Senate introduces USA FREEDOM Act to curb NSA spying excesses; Former NSA director will file “at least” 9 patents to detect malicious hackers; Americans’ online privacy worries center on money – and porn; iPhone gets first free app for encrypting voice calls; Antivirus Software for the Morning After; Swap files between Windows and Android in 2 clicks with Pushbullet; 25 Tips to Turbocharge Dropbox; Privacy groups call for action to stop Facebook’s off site user tracking; 5 unexpectedly useful apps; Facebook Begins Forced Migration to Messenger App for Chat; Malwarebytes Anti-Malware Free scores 100% in AV-TEST removal test; Treating people like lab rats is NOT OK, OKCupid? How to recover deleted photos from a memory card; Fox’s Bill O’Reilly: Gadgets got Obama elected; Kaspersky Security Scan (free).
Senate introduces USA FREEDOM Act to curb NSA spying excesses: Good news if you’re an American, less so for everyone else – Senator Patrick Leahy (D-VT) has introduced the USA FREEDOM Act to the Senate and claims, that, if passed, the legislation will severely curtail the amount of mass surveillance that can be carried out by the NSA and others – provided you’re a citizen of the land of the free. “This is a debate about Americans’ fundamental relationship with their government – about whether our government should have the power to create massive databases of information about its citizens,” Leahy said.
Americans’ online privacy worries center on money — and porn, a bit – According to a survey, Americans say their biggest concern with online infiltrators is that their financial info will be spied on. Some even admit they’re worried about privacy while browsing porn.
Antivirus Software for the Morning After – When your antivirus software is nicely installed and integrated with Windows, it has lots of chances to prevent malware infestation. It can block access to the malicious URL, kill the download before it executes, eliminate known malware based on its signature, detect and avert malicious behavior, and so on. But if the malware has already dug in its heels, that’s a different story. An arduous, months-long test by AV-Test Institute evaluated which products do the best cleanup job.
(In earlier comments on last week’s test, I pointed out that the posted results emasculated Malwarebytes Free, based on an upside down methodology. We now have the results based on a more appropriate methodology – “In this latest test from AV-Test, Malwarebytes was the only product to achieve a perfect score, every single threat completely wiped out. This result is more in keeping with Malwarebytes’s reputation as the go-to tool for malware cleanup.”)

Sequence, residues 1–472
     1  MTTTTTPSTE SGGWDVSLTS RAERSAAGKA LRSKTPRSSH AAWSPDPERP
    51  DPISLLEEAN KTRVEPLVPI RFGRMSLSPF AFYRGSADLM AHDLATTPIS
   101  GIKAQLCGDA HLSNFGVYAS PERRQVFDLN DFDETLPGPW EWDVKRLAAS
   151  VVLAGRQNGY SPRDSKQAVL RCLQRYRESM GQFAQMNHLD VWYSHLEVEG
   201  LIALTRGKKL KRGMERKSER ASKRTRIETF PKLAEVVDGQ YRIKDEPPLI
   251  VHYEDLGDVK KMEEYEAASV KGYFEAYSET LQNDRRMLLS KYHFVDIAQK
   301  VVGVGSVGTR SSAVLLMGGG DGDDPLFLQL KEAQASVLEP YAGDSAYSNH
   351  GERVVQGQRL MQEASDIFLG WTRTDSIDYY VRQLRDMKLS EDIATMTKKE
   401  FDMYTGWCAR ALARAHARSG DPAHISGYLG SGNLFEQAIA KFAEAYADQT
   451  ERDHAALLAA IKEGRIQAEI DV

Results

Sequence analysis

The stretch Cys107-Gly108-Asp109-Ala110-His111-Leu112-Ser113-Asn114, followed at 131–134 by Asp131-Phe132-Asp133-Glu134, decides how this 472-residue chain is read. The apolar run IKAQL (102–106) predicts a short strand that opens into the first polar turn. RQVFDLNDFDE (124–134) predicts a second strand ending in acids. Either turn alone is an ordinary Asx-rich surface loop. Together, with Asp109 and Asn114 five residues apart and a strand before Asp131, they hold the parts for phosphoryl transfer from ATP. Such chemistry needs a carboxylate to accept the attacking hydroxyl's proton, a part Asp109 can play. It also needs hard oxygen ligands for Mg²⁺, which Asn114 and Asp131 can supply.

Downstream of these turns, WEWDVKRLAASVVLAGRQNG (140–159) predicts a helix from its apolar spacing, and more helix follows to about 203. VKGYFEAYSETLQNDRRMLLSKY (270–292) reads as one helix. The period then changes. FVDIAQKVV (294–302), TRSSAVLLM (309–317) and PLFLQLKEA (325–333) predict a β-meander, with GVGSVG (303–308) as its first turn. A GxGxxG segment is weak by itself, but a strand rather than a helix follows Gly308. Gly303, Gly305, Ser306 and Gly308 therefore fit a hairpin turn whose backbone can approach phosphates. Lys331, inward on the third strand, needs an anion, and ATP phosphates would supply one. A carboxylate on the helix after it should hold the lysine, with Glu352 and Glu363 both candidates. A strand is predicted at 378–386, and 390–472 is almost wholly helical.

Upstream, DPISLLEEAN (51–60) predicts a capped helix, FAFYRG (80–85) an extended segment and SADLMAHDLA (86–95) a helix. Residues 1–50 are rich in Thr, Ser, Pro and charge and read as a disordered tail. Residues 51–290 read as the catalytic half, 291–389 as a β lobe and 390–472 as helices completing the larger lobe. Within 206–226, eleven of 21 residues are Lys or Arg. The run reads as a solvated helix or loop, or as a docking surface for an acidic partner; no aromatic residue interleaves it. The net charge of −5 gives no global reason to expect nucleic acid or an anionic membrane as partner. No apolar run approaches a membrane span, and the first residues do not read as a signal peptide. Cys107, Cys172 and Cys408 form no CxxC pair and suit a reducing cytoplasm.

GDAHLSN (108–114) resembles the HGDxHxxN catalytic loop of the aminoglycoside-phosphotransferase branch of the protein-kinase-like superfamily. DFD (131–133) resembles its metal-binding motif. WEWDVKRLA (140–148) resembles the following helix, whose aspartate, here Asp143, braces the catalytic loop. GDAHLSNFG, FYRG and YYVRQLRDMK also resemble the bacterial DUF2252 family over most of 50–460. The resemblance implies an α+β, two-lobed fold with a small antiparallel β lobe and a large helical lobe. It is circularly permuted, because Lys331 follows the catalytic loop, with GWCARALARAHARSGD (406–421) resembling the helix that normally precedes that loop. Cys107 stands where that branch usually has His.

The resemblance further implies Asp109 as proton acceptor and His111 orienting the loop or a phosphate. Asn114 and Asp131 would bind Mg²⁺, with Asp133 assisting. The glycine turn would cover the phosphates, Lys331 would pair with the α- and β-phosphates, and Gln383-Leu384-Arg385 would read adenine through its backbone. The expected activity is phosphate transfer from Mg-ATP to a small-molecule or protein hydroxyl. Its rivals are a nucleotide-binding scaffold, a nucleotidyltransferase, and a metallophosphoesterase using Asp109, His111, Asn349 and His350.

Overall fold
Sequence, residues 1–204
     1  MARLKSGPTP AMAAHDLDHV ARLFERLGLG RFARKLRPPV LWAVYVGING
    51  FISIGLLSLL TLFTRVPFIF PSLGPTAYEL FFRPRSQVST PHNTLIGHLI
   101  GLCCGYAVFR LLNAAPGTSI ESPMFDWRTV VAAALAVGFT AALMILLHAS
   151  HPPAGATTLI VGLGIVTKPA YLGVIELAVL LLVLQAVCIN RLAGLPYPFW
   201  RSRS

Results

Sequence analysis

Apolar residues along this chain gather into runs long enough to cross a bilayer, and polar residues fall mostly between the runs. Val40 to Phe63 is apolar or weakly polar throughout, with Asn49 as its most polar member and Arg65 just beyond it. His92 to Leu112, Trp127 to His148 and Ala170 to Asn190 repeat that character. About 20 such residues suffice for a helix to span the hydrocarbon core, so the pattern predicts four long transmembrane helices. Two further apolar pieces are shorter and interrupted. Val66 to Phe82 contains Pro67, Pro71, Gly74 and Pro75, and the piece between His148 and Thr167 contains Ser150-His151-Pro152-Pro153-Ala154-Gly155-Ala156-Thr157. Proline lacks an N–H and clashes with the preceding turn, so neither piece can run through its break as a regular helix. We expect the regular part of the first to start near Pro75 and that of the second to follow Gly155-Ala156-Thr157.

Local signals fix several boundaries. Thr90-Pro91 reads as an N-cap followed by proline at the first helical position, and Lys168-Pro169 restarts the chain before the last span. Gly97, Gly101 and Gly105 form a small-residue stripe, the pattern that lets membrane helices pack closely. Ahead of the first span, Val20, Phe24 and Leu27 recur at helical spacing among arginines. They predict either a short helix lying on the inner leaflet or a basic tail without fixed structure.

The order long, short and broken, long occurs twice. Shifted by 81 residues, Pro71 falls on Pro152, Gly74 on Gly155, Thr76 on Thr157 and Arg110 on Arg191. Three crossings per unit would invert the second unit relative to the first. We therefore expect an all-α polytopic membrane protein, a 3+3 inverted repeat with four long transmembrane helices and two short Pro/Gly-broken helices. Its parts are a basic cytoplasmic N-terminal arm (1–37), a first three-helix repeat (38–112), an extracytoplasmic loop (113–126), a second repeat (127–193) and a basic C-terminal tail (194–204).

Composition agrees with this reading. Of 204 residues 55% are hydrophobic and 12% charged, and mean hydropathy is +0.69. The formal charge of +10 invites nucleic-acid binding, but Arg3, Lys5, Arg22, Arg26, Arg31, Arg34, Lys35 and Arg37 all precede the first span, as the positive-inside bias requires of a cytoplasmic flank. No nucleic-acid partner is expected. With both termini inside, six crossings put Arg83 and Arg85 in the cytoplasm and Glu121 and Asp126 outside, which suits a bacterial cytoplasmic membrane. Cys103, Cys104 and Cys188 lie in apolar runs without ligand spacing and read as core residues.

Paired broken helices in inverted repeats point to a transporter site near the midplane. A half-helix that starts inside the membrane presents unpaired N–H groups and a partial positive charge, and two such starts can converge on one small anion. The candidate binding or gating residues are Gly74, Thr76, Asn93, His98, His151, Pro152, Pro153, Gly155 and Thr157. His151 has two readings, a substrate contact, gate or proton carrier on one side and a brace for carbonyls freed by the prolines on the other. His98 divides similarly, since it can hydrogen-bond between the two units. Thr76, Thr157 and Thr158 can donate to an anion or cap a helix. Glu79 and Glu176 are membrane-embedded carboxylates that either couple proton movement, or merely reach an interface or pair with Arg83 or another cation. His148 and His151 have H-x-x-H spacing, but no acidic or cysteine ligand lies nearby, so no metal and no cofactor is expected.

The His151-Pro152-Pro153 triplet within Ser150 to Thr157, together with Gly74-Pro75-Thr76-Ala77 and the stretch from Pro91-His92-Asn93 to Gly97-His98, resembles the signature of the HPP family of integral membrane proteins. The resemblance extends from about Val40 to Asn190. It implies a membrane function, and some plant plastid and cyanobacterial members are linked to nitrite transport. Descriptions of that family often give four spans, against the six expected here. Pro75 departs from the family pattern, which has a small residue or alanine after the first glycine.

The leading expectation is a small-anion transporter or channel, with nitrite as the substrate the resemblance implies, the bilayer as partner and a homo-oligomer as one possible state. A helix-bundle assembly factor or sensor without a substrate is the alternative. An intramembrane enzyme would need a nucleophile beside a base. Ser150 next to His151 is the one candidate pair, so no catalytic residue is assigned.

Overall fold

PC Magazine – Antivirus Software for the Morning After
Former NSA director will file “at least” 9 patents to detect malicious hackers – Alexander left his government post in early 2014 and went on to co-found a private company, IronNet Cybersecurity Inc., with unnamed business partners. Alexander said that these business partners helped him create the “unique” method for detecting hackers that he plans to patent. Of course, Alexander himself had unparalleled access to classified security operations from 2005, when he took charge of the NSA, to 2014, when he retired.
(Washington’s political reward system takes a giant leap forward. Another pig gorging at the trough of political corruption. Reprehensible – but expected.)
iPhone gets first free app for encrypting voice calls – An open-source project has released the first free application for the iPhone that scrambles voice calls, which would thwart government surveillance or eavesdropping by hackers. Signal is notable for two reasons. First, it’s free. There are many voice call encryption products on the market for various platforms, most of which are not cheap and are aimed at enterprise users. Second, Signal is open source code, meaning developers can look at the code and verify its integrity. That’s important because of concerns that software vendors have been pressured into adding “backdoors” into their products that could assist government surveillance programs.
Swap files between Windows and Android in 2 clicks with Pushbullet – Pushbullet makes it ridiculously simple to transfer files from one device to another with just a few clicks. The connection between your devices is always present, meaning you don’t have to reconnect every time you want to swap a picture. Pushbullet doesn’t give you complete access to your phone’s file system like AirDroid does. Instead, it allows you to transfer files, links, notes, and messages from one device to another.
Facebook Begins Forced Migration to Messenger App for Chat – Mobile users still hanging on to Facebook’s in-app chat service are now being forced into the arms of the social network’s standalone Messenger application. In April, the company announced its move from all-in-one network to separate apps, initially requiring folks in a handful of European countries to download Messenger if they wanted to chat. Now, the company is rolling it out to everyone. In Monday emails to some users, Facebook notified them about the impending transition to Messenger, which it said is “a free app that’s faster and more reliable for everyday messaging.”